Wednesday is a big day in the Ripken household, but not simply because Daddy is scheduled to break Lou Gehrig's consecutive-games record.
Wednesday also is a big day because it is the first day of school for Cal Ripken's daughter, Rachel.
Rachel, 5, is more excited about school than her father's historic achievement. Her mother, Kelly, has explained to her the significance of the numbers on the warehouse -- 2,129, 2,130, 2,131. But the truth is, Rachel is more interested in dancing between innings to "YMCA."
And Ripken's 2-year-old son, Ryan?
"He has no clue," Kelly said, laughing.
Leave it to the kids to keep Daddy humble, to cut the streak down to size.
"Exactly," Cal Ripken said.
He isn't just a shortstop, an Iron Man, a future Hall of Famer.
He's a son, a husband, a father.
Kelly bought him a card in spring training and wrote, "Enjoy the year. Let everyone tell you how great you are." Ripken took her advice, and stopped fighting the attention surrounding the streak.
"The kids had a lot to do with it," Kelly said. "The reality of life is, if you've got your health -- your kids are healthy, your wife is healthy -- it puts things quickly into perspective."
Kelly said the Ripkens learned that after the death of former Oriole Tim Hulett's son, Sam, who was 6 when he was struck by an automobile in July 1992.
And they've learned it keeping in touch with former Oriole Joe Orsulak's wife, Adrianna, 30, who has been diagnosed with an inoperable brain tumor, and whose son, Michael, 3, suffers from a congenital heart disorder.
They've seen tragedy up close.
And they've endured trying times of their own.
Kelly said she visited 12 doctors and tried 25 medications over a three-year period before a psychiatrist finally diagnosed her Graves' disease, a thyroid disorder, in 1987.
She went through a difficult pregnancy with Ryan in 1993, at a time when Cal was enduring the worst criticism of his career before the All-Star Game at Camden Yards.
And now, with Cal approaching Gehrig, she waits anxiously for the day when security concerns are no longer part of the family's everyday life.
"We've had to beef up security, be a little more cautious," Kelly said. "That definitely has happened. I hope it goes away."
Cal received a death threat from a man identifying himself as Lou Gehrig Jr. in Seattle on Aug. 23. Orioles officials also acknowledged an earlier death threat against him in Boston.
"It didn't shake me up at the moment, but it made me think later on," Kelly said of the Seattle threat. "Not everyone is happy that he's doing this. You never know. You just never know.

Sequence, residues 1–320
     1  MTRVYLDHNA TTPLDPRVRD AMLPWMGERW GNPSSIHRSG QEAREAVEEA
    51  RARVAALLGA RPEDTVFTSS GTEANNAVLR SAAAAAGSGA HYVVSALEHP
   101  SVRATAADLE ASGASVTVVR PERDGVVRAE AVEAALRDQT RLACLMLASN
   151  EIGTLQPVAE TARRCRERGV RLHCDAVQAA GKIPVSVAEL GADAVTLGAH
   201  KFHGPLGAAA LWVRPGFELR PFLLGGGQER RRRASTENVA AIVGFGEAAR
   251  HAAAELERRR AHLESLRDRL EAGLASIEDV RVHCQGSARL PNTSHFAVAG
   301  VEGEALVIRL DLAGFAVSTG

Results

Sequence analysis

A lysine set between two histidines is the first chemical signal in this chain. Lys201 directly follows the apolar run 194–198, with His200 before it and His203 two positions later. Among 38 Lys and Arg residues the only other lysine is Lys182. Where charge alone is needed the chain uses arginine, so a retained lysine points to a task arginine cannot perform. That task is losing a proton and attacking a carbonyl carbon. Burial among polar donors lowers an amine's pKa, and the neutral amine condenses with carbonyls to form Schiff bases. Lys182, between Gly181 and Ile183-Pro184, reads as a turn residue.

"I'll be relieved for Cal [when it's over]. You're kind of a sitting duck, no matter how much security you have. When you're playing shortstop, there isn't anybody around you.
"I don't think about that all the time. But it does cross my mind."
Her husband's, too.
"It's hard to feel you might be at risk, that someone might want to kill you, or even threaten to kill you," Cal said. "There are all these questions you don't know.
"It affects the nerves. You try to do what you need to do. My way is not to deny it's there. You take the necessary precautions, be smart about it, but don't let it rule your life."
Then there are the children.
Cal said concern for their safety raises the precautions "to another level."
"It really worries me with the kids, especially when I'm out with the two of them, trying to keep an eye on both," Kelly said. "But in this day and age, who doesn't watch out for their kids?
"You can't take your eyes off them."
Kelly awakened at 5 a.m. Thursday -- Ryan calling. Later that morning, she was host to People magazine for a three-hour session with Cal and the kids. And by 3:30 p.m., she was in her private suite at Camden Yards for two photo shoots and interviews with "CBS This Morning," Sports Illustrated TV and The Sun.
It was her busiest day yet with the media, and as game time approached, Kelly was munching on popcorn and pretzels, trying to maintain her energy. Her Graves' disease makes it difficult. She takes thyroid medication every day. She is supposed to eat well, sleep well and work out at moderate levels.
"This summer, it hasn't been possible," she said. "There are a few times where I didn't feel so swift."
Graves' disease afflicts George and Barbara Bush and about a million other Americans. Kelly fell ill in 1984, not long after she met Cal.
Only at first, no one knew what was wrong.
"I felt like I had the flu every second of the day," Kelly said. "I had terrible headaches. I had to get into the shower, let the water run on the back of my neck. I couldn't see straight.
"I was very nauseous. I lost 25 pounds. I was so exhausted, but my metabolism was running so high, my body wouldn't rest. It was not pretty."
Kelly said she was misdiagnosed for three years, with doctors saying her problem was "everything from a sinus condition to a cervical injury in my neck to Hodgkin's to leukemia to it was all in my head."